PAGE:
Going maverick: self-branding to avoid being labelled

Earlier this year, I attended a conference on New Media, talking about how many YouTubers, bloggers, musicians, and other folks were growing because of the opportunities presented by these free platforms for expression and promotion. Hit the jump to read more and how it’s relevant to the project.

One of the lessons they hammered in was that it takes true creativity to transform adversity into an advantage, and in this case, it is how the Asian minority in western entertainment led to a lot of prominent artists finding their niche through posting their music, short films, and Vlogs on YouTube, releasing albums or singles on iTunes, blogging, and finding both an audience and market for the barely tapped frontier of New Media while everyone else was struggling for recognition in mainstream Hollywood or struggling to get signed on to a record label.

Due to the independent nature of using these platforms to share their work, it also allowed for freedom of expression to define themselves rather than trying to fit into a set of expectations or a label, much like trying to be the stereotypical Asian nerd in most movies and television shows, or altering your sound a bit so that it gets more listeners, and a whole lot more of examples of compromise.

In other words, you get lumped into a category so that you can fit into a label that they brand in order to promote you as they choose to define you. But in the new frontier of social media and New Media, you can define yourself however you like since the elitist filter has thinned down to a point that the main thing that stops people from seeing you or your work is whether they choose to ignore it or not. Additionally, you have the ability to interact with your fans and friends in real time, as the barrier that people unnecessarily create that separates them from others disappears since we are all an e-mail, tweet, Facebook message or YouTube and blog comment away.

For that reason, it’s basically everyone is going maverick and defining themselves by their own rules rather than following an established procedure from the traditional structure. You’re a filmmaker or musician even if your work is only on YouTube, you’re a writer even if the only place you publish is your blog, along with many more possibilities.

So how does this tie into this project? Well, with the way I plan to release my future media on YouTube and the fact I’m focused on making this as independent of an operation as possible, for those who are following this project blog, the self-branding involved here is the personality I’ve injected into it, with a mixture of a hero, a rock star, a rebel, and a fun-loving guy with the goal of saving the world, making a difference, and letting everyone know that we can all be heroes.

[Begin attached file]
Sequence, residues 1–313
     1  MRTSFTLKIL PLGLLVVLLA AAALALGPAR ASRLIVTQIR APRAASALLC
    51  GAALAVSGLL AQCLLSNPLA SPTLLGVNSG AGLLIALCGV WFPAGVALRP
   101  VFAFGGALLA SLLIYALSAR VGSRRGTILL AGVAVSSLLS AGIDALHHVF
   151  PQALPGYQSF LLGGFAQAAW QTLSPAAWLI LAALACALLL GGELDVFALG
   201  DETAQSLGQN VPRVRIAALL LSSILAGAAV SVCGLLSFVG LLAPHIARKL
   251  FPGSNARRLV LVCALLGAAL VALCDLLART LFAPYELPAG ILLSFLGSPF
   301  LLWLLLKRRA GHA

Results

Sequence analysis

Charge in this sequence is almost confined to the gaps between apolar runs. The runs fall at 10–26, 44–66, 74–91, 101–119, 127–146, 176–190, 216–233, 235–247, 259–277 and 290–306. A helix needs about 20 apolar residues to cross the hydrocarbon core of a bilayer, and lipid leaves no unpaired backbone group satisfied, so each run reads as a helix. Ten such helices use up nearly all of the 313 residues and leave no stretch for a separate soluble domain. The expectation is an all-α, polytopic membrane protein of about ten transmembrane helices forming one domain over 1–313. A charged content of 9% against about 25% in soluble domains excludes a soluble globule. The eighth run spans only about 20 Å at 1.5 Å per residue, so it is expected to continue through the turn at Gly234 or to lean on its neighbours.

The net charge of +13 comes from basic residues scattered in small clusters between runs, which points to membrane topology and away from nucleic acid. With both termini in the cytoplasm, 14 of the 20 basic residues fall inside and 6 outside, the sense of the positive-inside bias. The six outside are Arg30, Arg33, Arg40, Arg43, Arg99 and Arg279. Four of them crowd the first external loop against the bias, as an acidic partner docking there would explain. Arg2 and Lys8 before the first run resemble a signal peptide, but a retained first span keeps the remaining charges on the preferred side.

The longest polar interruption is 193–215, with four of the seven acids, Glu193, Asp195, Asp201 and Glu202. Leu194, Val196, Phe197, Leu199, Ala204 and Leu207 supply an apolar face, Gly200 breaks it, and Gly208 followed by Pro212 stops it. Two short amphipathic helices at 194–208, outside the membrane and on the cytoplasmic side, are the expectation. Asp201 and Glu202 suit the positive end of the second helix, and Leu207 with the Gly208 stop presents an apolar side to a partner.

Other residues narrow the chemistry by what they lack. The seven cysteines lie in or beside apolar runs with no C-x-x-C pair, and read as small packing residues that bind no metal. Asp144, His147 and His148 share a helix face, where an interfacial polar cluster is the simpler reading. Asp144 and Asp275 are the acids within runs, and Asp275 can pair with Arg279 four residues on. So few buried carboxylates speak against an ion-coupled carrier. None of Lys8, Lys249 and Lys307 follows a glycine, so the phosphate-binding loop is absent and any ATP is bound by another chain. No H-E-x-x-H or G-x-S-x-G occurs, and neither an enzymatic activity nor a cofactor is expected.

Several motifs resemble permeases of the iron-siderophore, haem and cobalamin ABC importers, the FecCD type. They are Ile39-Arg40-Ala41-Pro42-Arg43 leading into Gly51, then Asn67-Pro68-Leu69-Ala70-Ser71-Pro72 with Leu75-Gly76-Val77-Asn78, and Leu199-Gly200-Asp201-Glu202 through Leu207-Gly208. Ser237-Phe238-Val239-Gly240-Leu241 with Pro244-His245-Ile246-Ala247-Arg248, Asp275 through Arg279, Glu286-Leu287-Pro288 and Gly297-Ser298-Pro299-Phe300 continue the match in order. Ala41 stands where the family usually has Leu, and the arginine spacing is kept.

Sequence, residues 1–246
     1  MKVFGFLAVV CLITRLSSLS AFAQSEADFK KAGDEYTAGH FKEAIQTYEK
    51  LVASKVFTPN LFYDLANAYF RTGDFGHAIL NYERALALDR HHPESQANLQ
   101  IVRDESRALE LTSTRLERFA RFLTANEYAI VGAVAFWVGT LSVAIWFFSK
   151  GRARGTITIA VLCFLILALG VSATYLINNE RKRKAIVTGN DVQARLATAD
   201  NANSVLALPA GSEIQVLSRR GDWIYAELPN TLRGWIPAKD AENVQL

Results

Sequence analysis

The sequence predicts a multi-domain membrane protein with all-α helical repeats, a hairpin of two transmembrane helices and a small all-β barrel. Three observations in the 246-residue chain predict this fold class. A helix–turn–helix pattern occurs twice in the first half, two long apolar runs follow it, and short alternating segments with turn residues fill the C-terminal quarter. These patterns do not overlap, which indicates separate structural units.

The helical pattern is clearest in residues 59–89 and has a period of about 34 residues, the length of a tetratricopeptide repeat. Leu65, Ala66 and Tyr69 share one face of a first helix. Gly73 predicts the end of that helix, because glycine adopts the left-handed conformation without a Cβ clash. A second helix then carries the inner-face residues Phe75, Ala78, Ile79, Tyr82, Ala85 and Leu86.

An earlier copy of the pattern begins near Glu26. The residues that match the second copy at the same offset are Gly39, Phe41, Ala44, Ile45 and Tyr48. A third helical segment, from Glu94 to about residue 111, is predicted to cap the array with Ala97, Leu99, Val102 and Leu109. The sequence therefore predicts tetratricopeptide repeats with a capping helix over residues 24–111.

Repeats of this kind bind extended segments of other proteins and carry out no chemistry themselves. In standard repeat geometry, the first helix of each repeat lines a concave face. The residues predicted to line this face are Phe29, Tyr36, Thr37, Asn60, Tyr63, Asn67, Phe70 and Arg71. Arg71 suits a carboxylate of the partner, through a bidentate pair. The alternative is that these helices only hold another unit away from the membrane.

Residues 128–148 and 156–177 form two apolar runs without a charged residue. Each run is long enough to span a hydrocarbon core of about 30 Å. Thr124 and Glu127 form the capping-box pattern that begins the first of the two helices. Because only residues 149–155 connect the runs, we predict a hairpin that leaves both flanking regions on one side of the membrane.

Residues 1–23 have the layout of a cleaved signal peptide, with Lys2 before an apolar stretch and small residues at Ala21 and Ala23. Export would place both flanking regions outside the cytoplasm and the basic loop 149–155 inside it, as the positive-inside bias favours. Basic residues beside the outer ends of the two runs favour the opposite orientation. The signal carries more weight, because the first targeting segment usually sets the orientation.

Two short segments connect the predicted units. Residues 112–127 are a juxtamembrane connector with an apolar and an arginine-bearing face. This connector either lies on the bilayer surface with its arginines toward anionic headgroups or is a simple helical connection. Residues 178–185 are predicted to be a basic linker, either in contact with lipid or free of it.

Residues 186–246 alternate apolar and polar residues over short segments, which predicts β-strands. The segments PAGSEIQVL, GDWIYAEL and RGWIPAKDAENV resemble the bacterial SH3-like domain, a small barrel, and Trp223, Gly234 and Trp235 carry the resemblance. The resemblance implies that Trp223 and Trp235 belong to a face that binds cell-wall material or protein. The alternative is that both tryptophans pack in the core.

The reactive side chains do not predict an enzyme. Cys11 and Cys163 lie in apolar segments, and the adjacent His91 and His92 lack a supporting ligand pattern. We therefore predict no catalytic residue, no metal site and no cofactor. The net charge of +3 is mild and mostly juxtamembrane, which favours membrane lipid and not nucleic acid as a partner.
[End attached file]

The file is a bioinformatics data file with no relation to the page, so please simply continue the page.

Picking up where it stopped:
It also ties in with a recent workshop we did on writing resumes and CVs for prospective employers to see, to give ourselves a profile tag that allows them to see who we are in no more than three sentences, just like an advertisement. In my profile tag, you can see how I choose to brand myself here: “East and Southeast Asia specialist with strong interest in human rights and sustainable development. Skilled in working independently and in teams, writing, researching, social media, and producing creative content.”

By making this my profile and then following it up with relevant examples or careful word choice, it conveys the idea of how I choose to brand myself. Now, I’m not selling myself, because as my undergraduate professor once said “Never sell yourself, prostitutes sell themselves. Just be yourself and present yourself in the best way you can”, I’m letting people know what part of my personality and character I want to emphasize with them and the world.

The last point I want to make with going maverick is that it’s easier to be comfortable with who I am by defining myself, because for people who have yet to define themselves, I’ve found that often it is easy for them to allow others to define them, whether on a personal level or a brand level. Simple example: how you choose to introduce yourself to someone you approach rather than waiting for them to ask questions that allow them to piece together a snapshot of whom they think you as they attempt to get to know you.

So how would I brand myself so far? As someone who is willing to put aside his ego in favor of the mission to fight for a better world, where we all live under the same blue skies, with abundant oceans and lush forests; where children don’t have to fear stepping on landmines while playing football/soccer; where women don’t fear rape or violence, where wars, famine, and torture are a thing of the past, and where strangers are viewed as friends we haven’t met yet instead of “others” because we all live in one world and share one love.

Check in tomorrow when I post my quick interview with Lynn Chen from The Actor’s Diet blog and what I learned from it.


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